I'm not familiar with this particular camera, but I did look it up quickly and saw that this can run in a 3MP or a 1.3MP mode. Regardless, this is a 3MP 1/3" imager so it needs more light than, say, a 1.3MP imager. Smaller pixels = less photons per pixel in a given situation.
There are a couple of ways to deal with low light situations. One is to lengthen the shutter time. (I say "lengthen" because some manufacturers call going from, say, 1/10th to 1/30th of a second as "increasing" shutter speed which makes no sense to my frosty head)
The term "shutter speed" is a holdover from optical photography days. Nowadays there really isn't a mechanical shutter uncovering the sensor like we did back in the days of film. Instead, think of each one of those little tiny pixel sensors on your imagers as little bucket for catching light. Each bucket fills up with light during the shutter interval, then dumps it for processing (light level & color) so it can be converted to a number for that pixel on that frame of video.
In low light situations, there might not be enough light in all those little buckets to form a usable image. Again, one way to compensate is to lengthen the time the little buckets can fill up with light. It works great unless whatever you are imaging is moving, because the target's light will smear across many buckets creating what is being called here a ghost effect. (I would call it smearing instead) So lengthening shutter time can only get you so far. Some cameras have fixed shutter speeds, and some others let you choose an adaptive shutter speed -- often with a limit you can set to avoid smearing.
Another way to deal with low light is to use gain. Gain is an amplifier that effectively magnifies the signal coming off the imager. So what would be an unusable image is "boosted" into something usable. AGC stands for "automatic gain circuit" which means you let it add amplification at it sees fit. Gain is measured in decibels but, contrary to ADI's blog, you can't hear it or anything.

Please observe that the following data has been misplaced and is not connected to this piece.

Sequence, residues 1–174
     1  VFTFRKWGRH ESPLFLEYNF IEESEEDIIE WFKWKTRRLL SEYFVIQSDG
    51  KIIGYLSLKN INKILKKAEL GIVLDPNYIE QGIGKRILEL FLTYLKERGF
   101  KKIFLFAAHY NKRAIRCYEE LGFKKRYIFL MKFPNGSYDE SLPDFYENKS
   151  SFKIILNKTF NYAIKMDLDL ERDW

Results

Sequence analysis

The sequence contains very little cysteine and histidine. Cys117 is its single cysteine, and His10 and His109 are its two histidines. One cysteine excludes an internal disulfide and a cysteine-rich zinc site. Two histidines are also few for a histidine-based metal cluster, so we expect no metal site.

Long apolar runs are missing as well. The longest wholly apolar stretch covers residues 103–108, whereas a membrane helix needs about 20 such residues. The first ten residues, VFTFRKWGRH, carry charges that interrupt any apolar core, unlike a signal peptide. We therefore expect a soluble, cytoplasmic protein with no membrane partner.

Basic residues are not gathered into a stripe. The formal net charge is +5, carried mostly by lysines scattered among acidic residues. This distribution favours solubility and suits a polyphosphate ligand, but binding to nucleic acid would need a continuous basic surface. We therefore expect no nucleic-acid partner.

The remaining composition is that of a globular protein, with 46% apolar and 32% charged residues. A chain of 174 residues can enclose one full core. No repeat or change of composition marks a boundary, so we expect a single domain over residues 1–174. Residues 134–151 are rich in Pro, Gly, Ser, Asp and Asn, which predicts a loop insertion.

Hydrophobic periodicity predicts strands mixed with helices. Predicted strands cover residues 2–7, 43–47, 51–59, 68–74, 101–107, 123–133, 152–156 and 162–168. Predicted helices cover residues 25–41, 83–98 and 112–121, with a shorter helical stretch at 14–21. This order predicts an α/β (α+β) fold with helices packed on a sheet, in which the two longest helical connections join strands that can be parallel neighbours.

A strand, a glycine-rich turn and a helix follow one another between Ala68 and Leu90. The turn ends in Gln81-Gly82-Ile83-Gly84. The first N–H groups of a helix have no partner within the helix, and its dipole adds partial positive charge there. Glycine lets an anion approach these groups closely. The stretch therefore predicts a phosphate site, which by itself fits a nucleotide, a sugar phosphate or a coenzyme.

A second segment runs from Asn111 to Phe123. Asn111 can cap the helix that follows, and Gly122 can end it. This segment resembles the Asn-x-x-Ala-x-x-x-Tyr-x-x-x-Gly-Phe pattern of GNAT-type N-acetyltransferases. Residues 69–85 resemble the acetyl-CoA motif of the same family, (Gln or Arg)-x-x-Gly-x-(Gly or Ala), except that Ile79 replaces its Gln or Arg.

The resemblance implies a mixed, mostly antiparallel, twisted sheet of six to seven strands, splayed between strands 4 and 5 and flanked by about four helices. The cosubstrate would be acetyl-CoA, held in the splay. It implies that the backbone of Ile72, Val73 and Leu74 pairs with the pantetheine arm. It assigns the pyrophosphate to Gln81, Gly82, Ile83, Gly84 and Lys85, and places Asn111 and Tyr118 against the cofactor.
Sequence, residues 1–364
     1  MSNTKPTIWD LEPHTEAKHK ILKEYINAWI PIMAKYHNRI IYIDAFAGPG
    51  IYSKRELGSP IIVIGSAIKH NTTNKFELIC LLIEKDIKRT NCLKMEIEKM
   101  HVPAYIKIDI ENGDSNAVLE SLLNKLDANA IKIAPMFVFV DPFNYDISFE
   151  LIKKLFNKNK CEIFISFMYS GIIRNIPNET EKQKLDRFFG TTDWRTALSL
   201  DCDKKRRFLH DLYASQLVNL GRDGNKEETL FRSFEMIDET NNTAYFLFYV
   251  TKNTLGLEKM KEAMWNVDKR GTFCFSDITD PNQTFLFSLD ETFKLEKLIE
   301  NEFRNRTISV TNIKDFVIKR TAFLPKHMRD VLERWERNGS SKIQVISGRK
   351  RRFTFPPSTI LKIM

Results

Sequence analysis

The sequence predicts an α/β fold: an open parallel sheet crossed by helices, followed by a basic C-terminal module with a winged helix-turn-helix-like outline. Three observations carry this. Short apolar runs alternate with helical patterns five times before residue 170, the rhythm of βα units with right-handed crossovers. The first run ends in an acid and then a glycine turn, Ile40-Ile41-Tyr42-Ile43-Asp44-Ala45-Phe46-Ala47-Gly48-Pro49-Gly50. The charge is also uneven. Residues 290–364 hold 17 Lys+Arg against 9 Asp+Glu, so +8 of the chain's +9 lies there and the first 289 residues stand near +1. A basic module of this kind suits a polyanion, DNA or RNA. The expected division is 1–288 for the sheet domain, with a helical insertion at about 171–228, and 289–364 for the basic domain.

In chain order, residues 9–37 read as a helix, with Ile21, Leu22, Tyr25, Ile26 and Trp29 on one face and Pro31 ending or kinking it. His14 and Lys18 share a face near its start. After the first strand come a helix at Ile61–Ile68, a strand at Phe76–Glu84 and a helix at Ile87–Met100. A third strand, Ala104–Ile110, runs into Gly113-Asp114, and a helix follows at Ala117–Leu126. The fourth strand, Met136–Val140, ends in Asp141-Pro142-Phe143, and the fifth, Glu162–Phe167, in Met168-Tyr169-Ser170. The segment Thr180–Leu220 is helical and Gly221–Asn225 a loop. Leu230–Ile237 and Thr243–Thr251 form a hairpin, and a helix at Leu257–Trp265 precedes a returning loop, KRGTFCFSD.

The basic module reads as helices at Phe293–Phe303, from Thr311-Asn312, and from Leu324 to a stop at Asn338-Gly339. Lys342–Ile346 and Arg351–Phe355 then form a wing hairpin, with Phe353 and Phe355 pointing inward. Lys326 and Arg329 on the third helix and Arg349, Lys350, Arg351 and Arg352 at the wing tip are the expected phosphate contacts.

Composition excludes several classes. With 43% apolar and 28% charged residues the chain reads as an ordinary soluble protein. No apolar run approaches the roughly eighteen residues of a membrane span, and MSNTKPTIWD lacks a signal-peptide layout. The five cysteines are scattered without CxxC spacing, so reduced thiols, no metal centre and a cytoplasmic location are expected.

The problem with amplifying any signal (audio, video, wireless, anything) is that you also amplify noise. Video noise shows up as grainy little speckles that I call specularity but I'm open to that not being the correct term. The problem with video noise, besides looking crappy, is that all of those speckles are DATA. Darker image, more gain, more noise, higher gain = MORE DATA. This is why, contrary to what you might expect, your bandwidth goes up at night.
So which is better -- lengthening shutter time, or increasing gain? The answer is they are both good up to a point. Too much gain = specularity and higher bandwidth. Too long of a shutter time and you get smearing of moving targets. The trick is to use both as you can, and choose cameras that let you limit each technology.
My guess is this camera was set up for no gain and an automatic shutter speed that is being allowed to go too long which results in smearing. Then, when the illuminator is turned on, the scene has enough light for the shutter time to shorten and eliminate the smearing.
There are other factors that might be in play. Using a faster lens (that lets in more light) and making sure any iris is wide open would help as well. Switching to a lower resolution smaller image format would also help. Fewer pixels = more light per pixel. Finally, making sure this was a true night vision camera that moved the IR cut filter out of the way would be a good idea.